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How to Treat Ice on Sidewalks and Driveways Without Damaging Concrete

How to Treat Ice On ConcreteWondering about the best way to melt ice for your driveway and sidewalks this year?

At some point each winter, Oklahomans can expect ice and snow buildup on our driveways and walkways. For safety reasons, those outdoor spaces should be quickly treated to make it easier to park and walk without slipping and falling. However, using the wrong de-icers can cause your concrete surfaces to become damaged.

Why Salt-Based De-Icers Cause Problems for Concrete Surfaces

While salt mixtures are popular, they are also the biggest culprits of concrete deterioration. Using salt to melt ice can cause the cement in walkways, steps, and driveways to pit, which quickly leads to larger potholes and cracks.

Fortunately, there are many alternative solutions to salt-based de-icers that you can use to stay safe, as well as preserve your beautiful concrete this winter.

Add Traction with Non-Chemical Solutions

While these treatments won’t melt ice and snow, they’ll make it safer to walk on your concrete driveways and sidewalks.

Sand

You can spread sand on top of an icy or snowy driveway or sidewalk. Although it doesn’t melt ice and snow, it provides traction without damaging concrete.

Mixing sand with salt is a popular mixture that works to an extent but may not be a sufficient melting agent.

Cat Litter

Sprinkling unused cat litter on sidewalks and driveways can add traction that helps prevent slips and falls without harming the concrete beneath. Use biodegradable cat litter to ensure there are no toxins that could harm pets, children, or the plants in close vicinity of the concrete.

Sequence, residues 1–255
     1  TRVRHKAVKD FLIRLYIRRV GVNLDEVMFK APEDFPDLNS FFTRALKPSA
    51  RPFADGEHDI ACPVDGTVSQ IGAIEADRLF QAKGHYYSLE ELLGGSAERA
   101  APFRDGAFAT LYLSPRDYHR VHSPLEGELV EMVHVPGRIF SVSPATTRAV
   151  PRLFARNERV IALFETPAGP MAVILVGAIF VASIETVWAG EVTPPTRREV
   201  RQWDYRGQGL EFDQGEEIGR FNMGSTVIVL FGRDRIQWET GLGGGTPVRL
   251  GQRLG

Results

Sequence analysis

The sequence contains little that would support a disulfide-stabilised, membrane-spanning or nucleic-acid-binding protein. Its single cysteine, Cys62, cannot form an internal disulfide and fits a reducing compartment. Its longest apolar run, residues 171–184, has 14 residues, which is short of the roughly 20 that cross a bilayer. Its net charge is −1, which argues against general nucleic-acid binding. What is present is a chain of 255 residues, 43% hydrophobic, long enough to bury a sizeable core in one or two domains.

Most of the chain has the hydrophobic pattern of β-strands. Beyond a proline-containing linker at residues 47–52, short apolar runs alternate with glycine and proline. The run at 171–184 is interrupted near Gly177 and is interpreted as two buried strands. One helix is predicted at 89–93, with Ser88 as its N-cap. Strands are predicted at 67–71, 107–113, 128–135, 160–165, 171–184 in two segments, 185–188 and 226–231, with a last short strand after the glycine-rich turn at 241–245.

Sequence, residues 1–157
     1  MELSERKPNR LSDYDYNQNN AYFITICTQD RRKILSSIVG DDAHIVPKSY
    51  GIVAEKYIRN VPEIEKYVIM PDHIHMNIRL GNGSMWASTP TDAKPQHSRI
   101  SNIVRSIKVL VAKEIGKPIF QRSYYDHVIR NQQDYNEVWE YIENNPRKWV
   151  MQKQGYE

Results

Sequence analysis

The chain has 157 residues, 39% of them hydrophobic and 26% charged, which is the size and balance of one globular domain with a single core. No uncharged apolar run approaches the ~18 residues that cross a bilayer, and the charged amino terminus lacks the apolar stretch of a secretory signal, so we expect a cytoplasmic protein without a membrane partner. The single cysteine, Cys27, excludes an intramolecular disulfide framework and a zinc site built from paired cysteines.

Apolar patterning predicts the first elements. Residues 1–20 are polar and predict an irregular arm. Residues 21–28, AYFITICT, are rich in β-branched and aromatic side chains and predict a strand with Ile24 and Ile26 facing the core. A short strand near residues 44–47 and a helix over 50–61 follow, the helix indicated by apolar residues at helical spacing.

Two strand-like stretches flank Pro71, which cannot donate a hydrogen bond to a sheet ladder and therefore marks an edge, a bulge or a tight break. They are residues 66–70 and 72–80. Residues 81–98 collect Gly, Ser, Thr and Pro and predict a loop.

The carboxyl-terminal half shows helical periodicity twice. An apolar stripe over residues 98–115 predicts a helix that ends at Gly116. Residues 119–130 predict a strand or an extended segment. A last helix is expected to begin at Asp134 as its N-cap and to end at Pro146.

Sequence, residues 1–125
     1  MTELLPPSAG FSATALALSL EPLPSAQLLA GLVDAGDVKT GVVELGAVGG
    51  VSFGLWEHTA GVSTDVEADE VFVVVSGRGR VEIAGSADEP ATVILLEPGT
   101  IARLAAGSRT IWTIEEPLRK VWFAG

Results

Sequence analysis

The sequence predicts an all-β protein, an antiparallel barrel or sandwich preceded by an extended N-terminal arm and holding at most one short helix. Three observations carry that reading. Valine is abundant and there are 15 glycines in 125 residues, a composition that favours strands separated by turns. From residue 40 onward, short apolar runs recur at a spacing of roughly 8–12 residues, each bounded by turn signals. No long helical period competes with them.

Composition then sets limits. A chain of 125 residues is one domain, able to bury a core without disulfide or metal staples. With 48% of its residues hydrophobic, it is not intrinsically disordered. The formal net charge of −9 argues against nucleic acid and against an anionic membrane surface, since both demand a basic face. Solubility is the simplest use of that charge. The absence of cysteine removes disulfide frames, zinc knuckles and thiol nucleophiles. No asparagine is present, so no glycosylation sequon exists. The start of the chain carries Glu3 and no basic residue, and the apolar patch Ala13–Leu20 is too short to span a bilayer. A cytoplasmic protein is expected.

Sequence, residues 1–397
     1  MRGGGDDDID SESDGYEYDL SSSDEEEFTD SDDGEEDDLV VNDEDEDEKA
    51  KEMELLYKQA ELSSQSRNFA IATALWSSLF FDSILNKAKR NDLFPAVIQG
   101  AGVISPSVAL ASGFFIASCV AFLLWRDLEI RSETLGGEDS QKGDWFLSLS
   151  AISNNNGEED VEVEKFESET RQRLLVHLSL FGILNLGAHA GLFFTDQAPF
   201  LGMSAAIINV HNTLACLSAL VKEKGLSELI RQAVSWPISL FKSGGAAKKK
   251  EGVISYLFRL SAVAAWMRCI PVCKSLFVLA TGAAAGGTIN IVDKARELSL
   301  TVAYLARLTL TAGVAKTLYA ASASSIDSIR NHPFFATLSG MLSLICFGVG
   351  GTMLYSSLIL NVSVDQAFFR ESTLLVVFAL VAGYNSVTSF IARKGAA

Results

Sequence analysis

Gravel, Wood Chips, Straw or Sawdust

Other great options to add traction to icy walkways and driveways are gravel, wood chips, straw, or sawdust. These substances don’t harm your concrete, and they don’t hurt the environment.

Since these treatments don’t melt ice and snow, it’s a good idea to be proactive. Treat your concrete sidewalks and driveways before bad weather occurs, and help prevent ice from accumulating in the first place.

Chemical De-Icers: The Do’s and Don’ts

H3 – Say No to Sodium and Potassium Chloride
First of all, both sodium chloride (aka rock salt) and potassium chloride are salts. Therefore, they are not recommended for use on concrete to melt snow and ice, because they do significant damage over time.

Even though these products are used quite a bit, nothing is more corrosive toward concrete than salt. Potassium chloride is better, but still likely to damage sidewalks and driveways.

So, if not salt, what choices do you have? Read on!

All of these treatments can be effective to help de-ice concrete if used with care, according to their instructions.

Calcium Chloride and Magnesium Chloride

Of all the common de-icers on the market, tests have shown that calcium chloride is the least harmful to concrete. It is also among the most effective, melting ice at temperatures as low as minus-25 degrees Fahrenheit.